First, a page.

Trismegistos ID: 738281

Source Description


Cyrene Museum, inv. number unknown.


White marble fragmentary base with double mouldings of eggs and darts chipped out nearly everywhere; the original face, if once inscribed, is now illegible; the opposite face, bearing the inscription, has lost its left part, probably cut away (0.59; 0.28;0.46).


Inscribed between the mouldings (0.59; 0.11;).


0.032-0.04; deeply cut, without serifs.

Place of Origin



Ca. 300 B.C. (lettering)


Found in 1915 at Cyrene : North Necropolis, tomb of the Mnesarchoi (tomb N 171 Cassels).

Last recorded Location

Seen by C. Dobias-Lalou in 1979 in Shahat : still in front of the ancient Sculpture Museum and again on September 9th, 1997 in Shahat : Cyrene Museum .

Text constituted from

Transcription from stone (CDL).


Oliverio, 1933-1936 , p. 117, n. 119, fig. 75, whence SEG , 9.231; again as unpublished SECir , 64. Cf. Beschi, 1970 , pp. 181, 182, 204; Marengo, 1985 , p. 150; Laronde, 1987 , pp. 56-58, whence SEG , 38.1892.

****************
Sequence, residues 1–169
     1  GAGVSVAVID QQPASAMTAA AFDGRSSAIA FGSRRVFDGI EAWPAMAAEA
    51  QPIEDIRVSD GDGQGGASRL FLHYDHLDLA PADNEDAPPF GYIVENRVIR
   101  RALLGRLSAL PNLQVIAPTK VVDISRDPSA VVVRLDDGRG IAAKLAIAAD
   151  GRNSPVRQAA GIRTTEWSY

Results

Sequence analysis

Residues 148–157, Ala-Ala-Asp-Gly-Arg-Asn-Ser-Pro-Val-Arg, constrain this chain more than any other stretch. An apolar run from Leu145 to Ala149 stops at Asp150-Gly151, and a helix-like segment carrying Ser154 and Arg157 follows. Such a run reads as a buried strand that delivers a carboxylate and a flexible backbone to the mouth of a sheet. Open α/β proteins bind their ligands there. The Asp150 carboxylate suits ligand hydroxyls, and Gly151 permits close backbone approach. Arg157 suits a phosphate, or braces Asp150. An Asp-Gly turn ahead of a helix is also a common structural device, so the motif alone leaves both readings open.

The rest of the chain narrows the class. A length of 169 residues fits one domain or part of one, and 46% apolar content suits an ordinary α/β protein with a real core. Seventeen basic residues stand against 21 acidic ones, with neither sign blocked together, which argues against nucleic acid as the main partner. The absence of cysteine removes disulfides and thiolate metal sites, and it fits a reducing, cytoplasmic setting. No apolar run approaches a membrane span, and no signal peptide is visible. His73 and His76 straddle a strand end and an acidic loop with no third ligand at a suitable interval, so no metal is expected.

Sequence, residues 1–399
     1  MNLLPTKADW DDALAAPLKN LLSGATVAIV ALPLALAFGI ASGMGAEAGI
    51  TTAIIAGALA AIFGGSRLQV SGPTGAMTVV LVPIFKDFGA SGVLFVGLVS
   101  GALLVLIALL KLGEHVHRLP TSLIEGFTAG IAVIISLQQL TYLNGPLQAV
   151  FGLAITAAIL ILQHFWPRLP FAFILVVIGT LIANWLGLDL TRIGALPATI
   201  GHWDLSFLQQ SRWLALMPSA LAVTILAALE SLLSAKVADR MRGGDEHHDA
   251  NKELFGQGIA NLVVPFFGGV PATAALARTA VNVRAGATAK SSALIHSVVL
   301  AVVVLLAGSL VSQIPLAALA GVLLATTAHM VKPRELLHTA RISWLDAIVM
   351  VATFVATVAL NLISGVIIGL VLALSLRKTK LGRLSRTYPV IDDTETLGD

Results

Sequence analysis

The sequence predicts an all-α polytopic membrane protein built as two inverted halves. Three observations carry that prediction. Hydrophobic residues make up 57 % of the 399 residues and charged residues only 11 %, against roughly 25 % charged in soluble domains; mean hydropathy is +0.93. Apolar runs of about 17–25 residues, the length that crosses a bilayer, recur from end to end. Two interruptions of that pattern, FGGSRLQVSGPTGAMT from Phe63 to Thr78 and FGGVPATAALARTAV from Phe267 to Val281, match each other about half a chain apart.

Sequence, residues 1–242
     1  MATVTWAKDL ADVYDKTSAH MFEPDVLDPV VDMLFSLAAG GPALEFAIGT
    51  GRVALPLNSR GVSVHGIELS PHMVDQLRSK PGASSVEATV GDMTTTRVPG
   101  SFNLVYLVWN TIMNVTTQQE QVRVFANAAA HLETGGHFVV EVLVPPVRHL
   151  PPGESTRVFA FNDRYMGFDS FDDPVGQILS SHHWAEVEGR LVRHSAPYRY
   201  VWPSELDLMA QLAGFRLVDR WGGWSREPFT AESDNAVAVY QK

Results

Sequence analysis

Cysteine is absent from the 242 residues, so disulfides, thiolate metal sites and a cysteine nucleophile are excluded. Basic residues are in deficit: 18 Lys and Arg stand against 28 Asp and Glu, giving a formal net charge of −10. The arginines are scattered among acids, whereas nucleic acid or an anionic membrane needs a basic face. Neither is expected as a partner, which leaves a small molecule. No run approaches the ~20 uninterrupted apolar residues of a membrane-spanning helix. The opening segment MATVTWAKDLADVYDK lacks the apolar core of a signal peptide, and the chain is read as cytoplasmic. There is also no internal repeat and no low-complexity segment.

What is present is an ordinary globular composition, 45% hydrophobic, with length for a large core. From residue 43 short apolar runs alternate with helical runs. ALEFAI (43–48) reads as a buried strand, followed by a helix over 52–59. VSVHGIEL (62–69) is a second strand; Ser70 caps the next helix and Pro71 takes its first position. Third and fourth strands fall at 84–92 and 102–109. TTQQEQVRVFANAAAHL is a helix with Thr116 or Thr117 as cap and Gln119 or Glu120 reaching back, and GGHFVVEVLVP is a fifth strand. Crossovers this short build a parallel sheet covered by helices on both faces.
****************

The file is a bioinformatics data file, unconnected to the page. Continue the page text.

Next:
[Μνάσαρ?]χος Δαμώνακτος


1 [Μνάσαρ?]χος : Oliverio, 1933-1936 , Laronde, 1987  [Μνάσαρ]χος : Beschi, 1970  [---] χος

French translation

[Mnasar?]khos fils de Damonax.

English translation

[Mnasar?]chos son of Damonax.

Italian translation

[Mnasar?]chos figlio di Damonax.


Pugliese Carratelli published again this inscription as SECir , 64, without illustration nor restoration, from Oliverio's papers, as was later established by Marengo.

Neither Oliverio nor Beschi did notice that the stone was re-used, a fact that seems rather certain to C. Dobias-Lalou.

Moreover, the lettering seems rather old amongst the series of bases from the same tomb (IGCyr027100,IGCyr027200, IGCyr027300, IGCyr027400 and possibly IGCyr114300).

That family-tomb is commonly called after the name Mnasarchos, frequent among them, and the name of the present deceased has been thus restored as Mnasarchos. Furthermore, Laronde identifies the father Damonax with a monetary officer active between 331 and 321.

Only Beschi, who assumes the stone to have fallen from another tomb situated above, refrains from completing the name. The fact that it had been re-used is another reason for being cautious.

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